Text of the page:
|2009||Dr Nodwell found a way to make a new type of anticancer molecule that was originally isolated from a sponge from the oceans off of Papua New Guinea. This complex molecule, called "ceratamine A" shows great potential as an anticancer therapeutic and is currently being evaluated for its suitability as a drug. The new chemical structure of this molecule provides a possible different route to cancer therapy, expanding the currently known list of anicancer drugs.||Doctor of Philosophy in Chemistry (PhD)|
|2009||Monte Carlo methods have become the standard tool to solve many problems in statistics and scientific computing. Dr. Holenstein developed a novel Monte Carlo methodology for efficient sampling from high-dimensional distributions. The methods are demonstrated on problems in statistics, biology, chemistry, and finance.||Doctor of Philosophy in Computer Science (PhD)|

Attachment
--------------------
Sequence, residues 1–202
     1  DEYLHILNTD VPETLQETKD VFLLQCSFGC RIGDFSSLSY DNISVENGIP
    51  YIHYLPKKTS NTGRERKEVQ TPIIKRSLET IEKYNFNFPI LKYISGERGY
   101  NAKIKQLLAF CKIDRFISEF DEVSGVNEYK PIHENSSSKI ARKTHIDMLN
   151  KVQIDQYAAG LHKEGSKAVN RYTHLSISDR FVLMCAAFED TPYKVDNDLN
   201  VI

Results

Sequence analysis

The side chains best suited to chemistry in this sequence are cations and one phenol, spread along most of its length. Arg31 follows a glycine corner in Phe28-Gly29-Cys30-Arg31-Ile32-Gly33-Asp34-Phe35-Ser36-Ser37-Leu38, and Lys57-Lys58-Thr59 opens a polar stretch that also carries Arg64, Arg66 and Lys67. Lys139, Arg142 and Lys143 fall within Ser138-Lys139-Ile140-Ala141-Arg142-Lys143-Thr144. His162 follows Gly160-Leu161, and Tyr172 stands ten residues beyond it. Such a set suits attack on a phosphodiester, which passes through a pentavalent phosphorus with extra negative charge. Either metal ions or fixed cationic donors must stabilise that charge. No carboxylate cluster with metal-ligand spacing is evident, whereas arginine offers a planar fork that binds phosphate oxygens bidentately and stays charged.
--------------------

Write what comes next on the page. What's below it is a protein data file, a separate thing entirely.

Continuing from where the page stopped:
|2009||Dr. Backer laid the theoretical foundation for algorithms that steer car-like robots in order to avoid obstacles. His work improves prior results in that it is more general, is more efficient, and provides explicit performance guarantees.||Doctor of Philosophy in Computer Science (PhD)|
|2009||Dr. Andronescu has developed the best available thermodynamic models of RNA structure formation. To do this, she has leveraged rigorous optimization techniques to make new inferences from large RNA databases. Her models are being adopted by RNA structure prediction web servers world-wide, and are of great value to molecular biologists.||Doctor of Philosophy in Computer Science (PhD)|
|2009||Dr. Tom-Yew characterized two new classes of iron-binding proteins from human pathogens that cause food-borne illness and whooping cough. A growth-essential iron-uptake role was shown and X-ray diffraction methods were used to elucidate the unique iron-binding mechanisms of these proteins, which have important implications for iron transport.||Doctor of Philosophy in Microbiology and Immunology (PhD)|